In September of 2001, I was an engineer at the old Westinghouse building in Westminster, near I-25.
My job was good. Many mornings I would enjoy eating breakfast at work. It was novel. The food was good. It was also a time to talk with coworkers about issues other than work.
That morning, I watched the news out of the corner of my eye, while focusing on my meal. I enjoyed the omelet as the cheese and egg blended in my mouth. Then the omelet turned to ashes.
I watched with horror as the impossible happened. Like the bullet of the assassin, the first plane drilled into the tower. What a tragedy! Was the equipment malfunctioning? My heart went out to the lost lives.
About fifteen minutes later, another plane was thrown at the second tower. Stupefied, I stared at the screen. The people in the cafeteria were transfixed upon the television. Gasps of unbelief punctuated the silence of the room. This could not be a coincidence. There was no malfunction.
For the next forty minutes, we numbly attempted to work. But like metal attracted to magnets, our minds gravitated toward the tragedy. We walked back to the cafeteria. Then the first tower collapsed.
As that tower collapsed, my mind collapsed with unbelief and sorrow. How could this be happening?
That question still echoes today: how could this have happened? Why had this happened? Different people offer different reasons. Some atheists point to it as evidence of the dangers of religion. Other people blame the sluggishness of the military.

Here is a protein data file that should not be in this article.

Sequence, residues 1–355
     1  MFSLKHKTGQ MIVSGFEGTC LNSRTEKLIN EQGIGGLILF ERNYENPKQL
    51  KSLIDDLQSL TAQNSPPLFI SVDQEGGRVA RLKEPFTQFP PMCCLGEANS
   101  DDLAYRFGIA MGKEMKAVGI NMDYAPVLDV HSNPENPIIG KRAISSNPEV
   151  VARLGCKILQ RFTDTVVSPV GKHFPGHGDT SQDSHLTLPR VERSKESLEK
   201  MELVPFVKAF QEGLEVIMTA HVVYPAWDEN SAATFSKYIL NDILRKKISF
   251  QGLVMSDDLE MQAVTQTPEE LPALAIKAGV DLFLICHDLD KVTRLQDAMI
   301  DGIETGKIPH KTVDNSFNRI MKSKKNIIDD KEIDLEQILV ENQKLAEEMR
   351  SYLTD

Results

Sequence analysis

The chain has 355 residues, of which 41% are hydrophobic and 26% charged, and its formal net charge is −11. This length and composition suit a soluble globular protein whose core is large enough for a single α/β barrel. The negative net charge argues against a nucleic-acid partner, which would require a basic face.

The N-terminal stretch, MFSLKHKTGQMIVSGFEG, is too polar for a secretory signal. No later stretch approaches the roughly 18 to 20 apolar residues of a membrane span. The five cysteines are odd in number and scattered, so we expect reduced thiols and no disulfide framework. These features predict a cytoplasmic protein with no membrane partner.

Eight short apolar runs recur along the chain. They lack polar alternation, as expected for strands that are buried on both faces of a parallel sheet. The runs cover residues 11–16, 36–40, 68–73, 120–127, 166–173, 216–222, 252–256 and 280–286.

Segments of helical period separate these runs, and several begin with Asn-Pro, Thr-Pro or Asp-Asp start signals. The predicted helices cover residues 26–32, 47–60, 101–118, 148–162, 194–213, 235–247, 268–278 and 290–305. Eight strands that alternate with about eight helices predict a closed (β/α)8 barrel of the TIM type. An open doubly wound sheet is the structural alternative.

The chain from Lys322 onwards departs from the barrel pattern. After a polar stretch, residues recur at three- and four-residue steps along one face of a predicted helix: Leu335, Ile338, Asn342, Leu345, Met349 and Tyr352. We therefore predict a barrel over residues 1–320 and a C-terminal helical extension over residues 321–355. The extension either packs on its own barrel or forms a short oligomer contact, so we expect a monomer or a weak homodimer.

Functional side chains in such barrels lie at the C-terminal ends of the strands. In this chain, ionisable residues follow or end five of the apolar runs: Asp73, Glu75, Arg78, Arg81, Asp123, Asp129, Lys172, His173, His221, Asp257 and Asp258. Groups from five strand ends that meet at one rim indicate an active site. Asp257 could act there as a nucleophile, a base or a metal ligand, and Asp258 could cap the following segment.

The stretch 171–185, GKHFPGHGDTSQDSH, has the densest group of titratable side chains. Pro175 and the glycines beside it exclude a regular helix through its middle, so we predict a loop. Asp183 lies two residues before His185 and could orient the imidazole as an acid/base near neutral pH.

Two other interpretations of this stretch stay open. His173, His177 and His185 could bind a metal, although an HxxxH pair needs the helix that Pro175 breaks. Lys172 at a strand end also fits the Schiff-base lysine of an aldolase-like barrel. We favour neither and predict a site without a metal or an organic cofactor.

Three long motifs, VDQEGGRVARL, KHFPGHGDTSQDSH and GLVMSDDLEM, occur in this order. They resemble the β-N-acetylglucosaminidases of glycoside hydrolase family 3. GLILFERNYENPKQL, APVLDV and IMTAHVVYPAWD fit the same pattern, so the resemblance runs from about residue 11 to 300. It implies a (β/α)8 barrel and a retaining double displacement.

Christians also gave different answers. Some were just as baffled. Some even blamed homosexuality. Few followed the understanding of our American forefathers: that all things are in God’s hands. At the opening of the American Revolution, Congress recommended a day of prayer and fasting:
“In times of impending calamity and distress; when the liberties of America are imminently endangered…it becomes the indispensable duty of these hitherto free and happy colonies, with true penitence of heart, and the most reverent devotion, publickly to acknowledge the over ruling providence of God; to confess and deplore our offences against him; and to supplicate his interposition for averting the threatened danger…by a sincere repentance and amendment of life, appease his righteous displeasure, and, through the merits and mediation of Jesus Christ, obtain his pardon and forgiveness…”
Just as our forefathers of 1776 believed, hopefully Christians today will take the words of Christ seriously while mourning for the dead and comforting the living:
“Or those eighteen on whom the tower in Siloam fell and killed them, do you think that they were worse sinners than all other men who dwelt in Jerusalem? I tell you, no; but unless you repent you will all likewise perish.” (Luke 13:4, 5)